Most people say the second film is incredibly dark and one is very light. I actually think one is far darker. How does one open? With the narrator talking about how pigs leave to pig paradise, “A place so wonderful that no pig had ever thought to come back.” It says that in a dark room, while the pigs are shown being packed in a meat truck. To make it more dark it does a very good job at making Babe sympathetic right away and portraying everyone else as content to wait their turn for death. Two’s opening plot is the boss getting injured, but the writing makes it sound more like a poorly written comedy than a terrible accident but the writing in the next scene makes up for it. Some well known dark scenes from two include a dog nearly drowning and that leads to the film’s best or second best scene, but an animal in danger was nothing new to me as a five year old who often watched The Land Before Time. The clown having a heart attack and dying is dark, but I always assumed he was just having pains and needed to be in the hospital. That is actually a major strength from two. It shows how children could look past the darkness but still get the feeling of dread, but adults could see what is really going on and realize how bad things are getting for the main characters. The scene with the animals talking about being abandoned is very dark and it is handled well with a serious mood and then some needed comic relief from Ferdinand and Flea Lick.
Another major part of one’s darkness is Duchess.
She sure has changed. She is a wonderful villain. She makes the main character try to die and she never tells a lie, a half lie, or leaves anything out. She just tells how hard the world is and how unfavorable it is to pigs. Her last shot is her being very happy. She then gets refuted later. She also has very little screen time to keep the focus on the heroes. She is an incredible villain and makes one of the darkest scenes I have ever seen. Normally the characters like this are reduced to only telling a half truth, but she tells everything. As a result the main characters are speechless to respond.
Despite two going for the big scenes its best scenes are inferior to one’s best scenes, which include the best song I have ever heard in a film, “If I had Words.” IT is funny and tear jerking. The farmer cannot respond with reason as he did get Babe to eat him for the reason, but he also right away saw something in him, and to regain his trust Hogget must communicate that.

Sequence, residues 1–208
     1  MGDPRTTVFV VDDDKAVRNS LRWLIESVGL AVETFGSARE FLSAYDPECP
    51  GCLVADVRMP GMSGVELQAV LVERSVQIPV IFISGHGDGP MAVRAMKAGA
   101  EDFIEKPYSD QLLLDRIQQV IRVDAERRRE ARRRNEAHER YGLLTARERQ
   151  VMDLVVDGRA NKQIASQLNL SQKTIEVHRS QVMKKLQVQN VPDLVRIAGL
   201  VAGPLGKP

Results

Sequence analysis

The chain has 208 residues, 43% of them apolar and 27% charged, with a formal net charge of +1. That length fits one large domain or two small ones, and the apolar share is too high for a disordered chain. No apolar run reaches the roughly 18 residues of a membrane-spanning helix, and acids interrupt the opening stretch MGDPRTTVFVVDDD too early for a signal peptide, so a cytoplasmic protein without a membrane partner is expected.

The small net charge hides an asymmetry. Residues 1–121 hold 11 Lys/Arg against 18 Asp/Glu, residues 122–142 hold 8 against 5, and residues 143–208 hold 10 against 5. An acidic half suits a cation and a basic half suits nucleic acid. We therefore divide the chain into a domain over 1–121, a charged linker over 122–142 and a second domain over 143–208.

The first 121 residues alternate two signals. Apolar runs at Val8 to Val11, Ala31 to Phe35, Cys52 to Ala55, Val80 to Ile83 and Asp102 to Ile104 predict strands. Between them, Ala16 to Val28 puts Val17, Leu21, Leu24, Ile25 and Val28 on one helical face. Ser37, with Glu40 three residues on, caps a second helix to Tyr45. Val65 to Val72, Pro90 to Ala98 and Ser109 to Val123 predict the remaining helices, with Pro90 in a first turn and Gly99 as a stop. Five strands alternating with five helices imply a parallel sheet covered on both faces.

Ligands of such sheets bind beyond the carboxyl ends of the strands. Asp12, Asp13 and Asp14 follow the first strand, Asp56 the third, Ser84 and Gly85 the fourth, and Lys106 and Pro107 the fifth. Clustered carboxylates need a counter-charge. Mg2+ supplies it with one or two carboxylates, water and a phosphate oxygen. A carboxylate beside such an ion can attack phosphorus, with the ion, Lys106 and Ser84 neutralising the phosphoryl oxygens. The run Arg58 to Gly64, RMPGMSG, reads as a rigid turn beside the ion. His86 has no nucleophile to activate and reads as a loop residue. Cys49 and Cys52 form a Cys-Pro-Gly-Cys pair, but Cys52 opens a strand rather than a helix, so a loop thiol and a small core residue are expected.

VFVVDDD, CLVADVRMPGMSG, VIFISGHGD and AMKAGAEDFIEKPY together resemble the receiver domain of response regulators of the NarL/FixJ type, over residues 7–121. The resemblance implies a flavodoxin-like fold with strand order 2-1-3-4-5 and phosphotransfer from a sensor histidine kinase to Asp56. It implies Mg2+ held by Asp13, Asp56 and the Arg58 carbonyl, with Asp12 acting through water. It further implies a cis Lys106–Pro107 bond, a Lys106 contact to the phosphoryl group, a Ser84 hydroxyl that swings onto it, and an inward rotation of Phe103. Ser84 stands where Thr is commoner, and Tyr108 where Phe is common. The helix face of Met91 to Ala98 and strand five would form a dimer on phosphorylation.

In one Esme plays second fiddle to Arthur, while in two that is reversed. They are very different, and that is good. It helps show that two is not a copy and paste of one. Their different personalities are used well, but Arthur is better, as he has a very clear major characteristic that fits the films’ moral. He sees the value where no one else does. He made a gate out of trash early. Then he realizes there is more to Babe than a dinner. That is how he finally gets the sheepdog grand champion.
The side characters are very good in both films.
Flea Lick is awesome. Thelonius is great. The others have such great potential, but the film is a half hour too short to take advantage of them. In one Rex and Fly are the dominant supporting characters and they are very well developed. Ferdinand is an important side character in both films. In two he is good comic relief. In one he is a major part of the moral about changing the bad parts of life.
Two does have better end credits. Randy Newman’s song is great at the end. The mice singing “If I had Words” is still very good, but not as good.
Two is better for kids, but one is superior to adults. Two is hard to follow the plot but easy to follow the characters. Making them get fascinated bu it. One is the most emotional film I have ever seen. It is a terrific movie, while two is merel very good and had a tough act to follow.